Increasing My Own Coding Abilities…

Part of my role at the elementary school I work, is to support coding in K-4th grades. To better my professional development and enhance my skills, I participated in a virtual course which had several Scratch Challenges. Each day a mini-lesson arrived in my inbox to complete & at the end of the course (30 days), I had completed six different projects. The course was offered from the site CreateCodeLoad (thank you Maytal Bendavid for an awesome course). For $20 it was quite reasonable and manageable. I created [each title will expand to the embedded final project & a link to it on Scratch]:

Each of these projects & associated mini-lessons gave me some inspiration to create a tutorial for building & designing a video game. I was fortunate, timing wise, to be asked by a fourth grade teacher to come up with an activity for her students to complete while she has to be out. The game is basic enough but still offers some ways to get creative for the students. We utilize a platform called Tynker for part of our coding instruction. Tynker has a feature where you can create a tutorial to guide students through coding a project. Instructions can be recorded to auto-play for the students. Video explanations & other Tynker projects can be embedded, too. You are able to insert “code holders” where students can receive the blocks they need to drag out into their workspace. They can then be instructed on how to modify the code to fit certain parameters. Here’s the finished example for what I have called, ‘Pumpkin Bounce Game’:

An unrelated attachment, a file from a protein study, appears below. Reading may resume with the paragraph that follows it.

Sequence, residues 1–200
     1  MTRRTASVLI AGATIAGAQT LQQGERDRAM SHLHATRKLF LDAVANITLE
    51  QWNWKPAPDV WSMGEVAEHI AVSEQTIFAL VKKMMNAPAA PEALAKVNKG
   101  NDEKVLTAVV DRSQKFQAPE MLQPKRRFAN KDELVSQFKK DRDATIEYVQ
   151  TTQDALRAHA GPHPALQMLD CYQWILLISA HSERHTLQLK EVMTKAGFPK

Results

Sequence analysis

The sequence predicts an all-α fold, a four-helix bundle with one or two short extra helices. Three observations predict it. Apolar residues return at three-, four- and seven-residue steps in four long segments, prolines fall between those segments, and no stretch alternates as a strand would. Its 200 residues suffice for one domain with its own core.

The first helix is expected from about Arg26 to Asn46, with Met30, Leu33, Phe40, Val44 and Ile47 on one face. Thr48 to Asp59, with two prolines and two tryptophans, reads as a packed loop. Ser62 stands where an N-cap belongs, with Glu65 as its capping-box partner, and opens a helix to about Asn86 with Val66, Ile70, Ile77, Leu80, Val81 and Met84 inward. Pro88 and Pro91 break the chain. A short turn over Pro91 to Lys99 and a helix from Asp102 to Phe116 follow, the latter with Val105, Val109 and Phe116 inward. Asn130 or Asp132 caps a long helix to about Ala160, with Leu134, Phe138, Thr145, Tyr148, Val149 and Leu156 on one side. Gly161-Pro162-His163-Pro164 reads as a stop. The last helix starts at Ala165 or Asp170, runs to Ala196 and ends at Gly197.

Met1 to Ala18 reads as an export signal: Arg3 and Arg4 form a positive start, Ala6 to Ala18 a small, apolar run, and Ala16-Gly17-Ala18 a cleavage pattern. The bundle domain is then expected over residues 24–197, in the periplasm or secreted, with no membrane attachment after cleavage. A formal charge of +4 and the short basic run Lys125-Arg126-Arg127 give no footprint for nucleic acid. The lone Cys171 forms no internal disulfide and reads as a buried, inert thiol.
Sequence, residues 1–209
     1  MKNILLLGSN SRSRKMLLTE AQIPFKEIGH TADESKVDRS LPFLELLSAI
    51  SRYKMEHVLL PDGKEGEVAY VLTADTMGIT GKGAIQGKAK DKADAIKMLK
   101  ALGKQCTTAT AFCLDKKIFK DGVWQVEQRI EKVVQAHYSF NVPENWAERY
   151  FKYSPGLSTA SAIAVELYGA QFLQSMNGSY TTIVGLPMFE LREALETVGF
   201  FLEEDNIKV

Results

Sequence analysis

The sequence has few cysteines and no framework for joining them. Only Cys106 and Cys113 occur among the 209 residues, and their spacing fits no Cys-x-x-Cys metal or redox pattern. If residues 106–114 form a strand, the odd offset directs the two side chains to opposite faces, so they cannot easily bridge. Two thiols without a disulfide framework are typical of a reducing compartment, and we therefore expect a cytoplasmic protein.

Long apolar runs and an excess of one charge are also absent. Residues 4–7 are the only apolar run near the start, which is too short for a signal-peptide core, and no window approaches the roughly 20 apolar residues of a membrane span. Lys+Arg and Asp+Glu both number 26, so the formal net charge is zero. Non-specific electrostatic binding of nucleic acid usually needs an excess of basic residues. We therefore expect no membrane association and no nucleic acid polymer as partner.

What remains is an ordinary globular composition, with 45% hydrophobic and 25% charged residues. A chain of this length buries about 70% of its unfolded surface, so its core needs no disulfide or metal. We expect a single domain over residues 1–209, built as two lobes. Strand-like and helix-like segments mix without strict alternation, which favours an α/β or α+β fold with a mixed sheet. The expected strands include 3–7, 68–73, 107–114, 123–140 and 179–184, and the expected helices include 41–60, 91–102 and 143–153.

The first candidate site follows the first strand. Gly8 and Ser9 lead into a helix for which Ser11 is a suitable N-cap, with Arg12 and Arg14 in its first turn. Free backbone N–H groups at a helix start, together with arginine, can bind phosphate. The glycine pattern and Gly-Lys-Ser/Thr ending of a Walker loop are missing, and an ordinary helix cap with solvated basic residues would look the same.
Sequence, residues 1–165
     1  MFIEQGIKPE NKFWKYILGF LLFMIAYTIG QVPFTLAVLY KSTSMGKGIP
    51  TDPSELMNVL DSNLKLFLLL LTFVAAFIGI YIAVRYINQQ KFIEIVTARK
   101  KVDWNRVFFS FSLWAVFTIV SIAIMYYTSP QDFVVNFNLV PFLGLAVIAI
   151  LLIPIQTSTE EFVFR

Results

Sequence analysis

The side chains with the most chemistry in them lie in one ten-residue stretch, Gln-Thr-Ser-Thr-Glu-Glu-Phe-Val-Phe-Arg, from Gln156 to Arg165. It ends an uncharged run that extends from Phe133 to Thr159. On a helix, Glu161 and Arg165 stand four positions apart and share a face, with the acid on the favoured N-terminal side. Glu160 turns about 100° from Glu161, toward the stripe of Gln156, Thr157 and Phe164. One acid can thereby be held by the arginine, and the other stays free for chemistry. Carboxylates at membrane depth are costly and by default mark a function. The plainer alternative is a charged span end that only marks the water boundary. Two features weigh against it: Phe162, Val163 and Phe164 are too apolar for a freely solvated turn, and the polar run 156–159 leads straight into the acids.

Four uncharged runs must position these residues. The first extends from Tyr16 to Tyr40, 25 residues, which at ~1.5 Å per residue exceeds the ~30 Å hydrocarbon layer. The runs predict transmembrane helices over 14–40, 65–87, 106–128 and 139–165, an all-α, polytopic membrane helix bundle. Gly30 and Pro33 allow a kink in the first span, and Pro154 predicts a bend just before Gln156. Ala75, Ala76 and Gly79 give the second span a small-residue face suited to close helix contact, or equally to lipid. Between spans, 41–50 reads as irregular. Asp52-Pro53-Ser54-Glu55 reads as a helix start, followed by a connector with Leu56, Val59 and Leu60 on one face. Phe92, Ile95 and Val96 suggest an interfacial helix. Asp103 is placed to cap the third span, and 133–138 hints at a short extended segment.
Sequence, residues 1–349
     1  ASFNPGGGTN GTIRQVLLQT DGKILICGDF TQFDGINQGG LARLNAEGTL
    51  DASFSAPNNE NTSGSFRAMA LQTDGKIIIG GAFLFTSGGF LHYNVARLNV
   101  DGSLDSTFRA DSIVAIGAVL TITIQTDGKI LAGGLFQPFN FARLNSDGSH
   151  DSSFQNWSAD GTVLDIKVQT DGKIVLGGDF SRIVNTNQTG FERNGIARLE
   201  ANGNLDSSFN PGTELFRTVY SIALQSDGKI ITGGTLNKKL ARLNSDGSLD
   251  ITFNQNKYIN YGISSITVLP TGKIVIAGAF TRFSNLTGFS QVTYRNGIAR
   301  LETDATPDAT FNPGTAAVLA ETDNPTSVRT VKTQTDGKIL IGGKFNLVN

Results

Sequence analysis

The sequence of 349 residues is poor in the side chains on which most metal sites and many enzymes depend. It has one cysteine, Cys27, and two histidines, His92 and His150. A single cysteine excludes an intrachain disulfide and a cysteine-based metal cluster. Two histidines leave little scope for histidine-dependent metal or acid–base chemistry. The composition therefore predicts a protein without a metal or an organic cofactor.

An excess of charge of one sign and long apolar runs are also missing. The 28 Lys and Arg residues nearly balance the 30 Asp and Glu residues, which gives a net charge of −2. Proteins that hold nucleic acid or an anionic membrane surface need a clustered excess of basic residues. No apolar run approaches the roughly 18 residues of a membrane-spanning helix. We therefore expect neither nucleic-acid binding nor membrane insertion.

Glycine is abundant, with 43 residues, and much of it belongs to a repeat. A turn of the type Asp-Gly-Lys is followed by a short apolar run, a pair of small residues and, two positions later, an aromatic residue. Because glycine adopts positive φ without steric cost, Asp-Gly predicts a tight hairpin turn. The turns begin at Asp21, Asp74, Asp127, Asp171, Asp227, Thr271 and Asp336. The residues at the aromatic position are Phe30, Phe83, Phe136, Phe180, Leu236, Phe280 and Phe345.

This link will take you to the version, which has the tutorial created, and walks you through coding your own game, make sure you click on ‘Remix Project’. I found the students were highly engaged in creating their own version of the game. I also set them up at the end of the tutorial with some ideas/suggestions on how to make this more of their own game. By adjusting, in the code, the amount of pixels the “actors” move or adjusting the time in seconds for delays; this can make the game easier or harder for their players. I explained to them that I intentionally placed a “bug” in the game. There is an “actor” called ‘ground’ which allows our ‘pumpkin actor’ to remain in game play according to their “y axis” position, but if the pumpkin goes too far to the left or right (“x axis” position) of the screen, they disappear from the game and cannot return unless the game is reset. I challenged the students to figure out how to “debug” the game so our ‘pumpkin actor’ can’t disappear.

Before my time with the class came to an end, I had a student amaze me with their ideas to further their game. He asked if it could be modified to have two conditional possibilities to lose the game. First, of course, the standard of what they received, if the ‘corn actor’ touches the ‘pumpkin actor’ then the player loses. But they didn’t want the ‘apple actor’ to remain motionless. They wanted to have it chase after the ‘corn’ and if it touches the ‘corn’ before getting touched by the ‘pumpkin’ then the player could also lose. They wanted to know how to begin figuring out how to “chase” the ‘corn actor’. I mentioned that they would need to create variables for the “x position” and “y position” of the ‘corn actor’. That way they can have the ‘apple actor’ glide to those “x” & “y” positions. Here is an example of a student’s creativity being unlocked through coding. I’m intrigued to see where they take their game.

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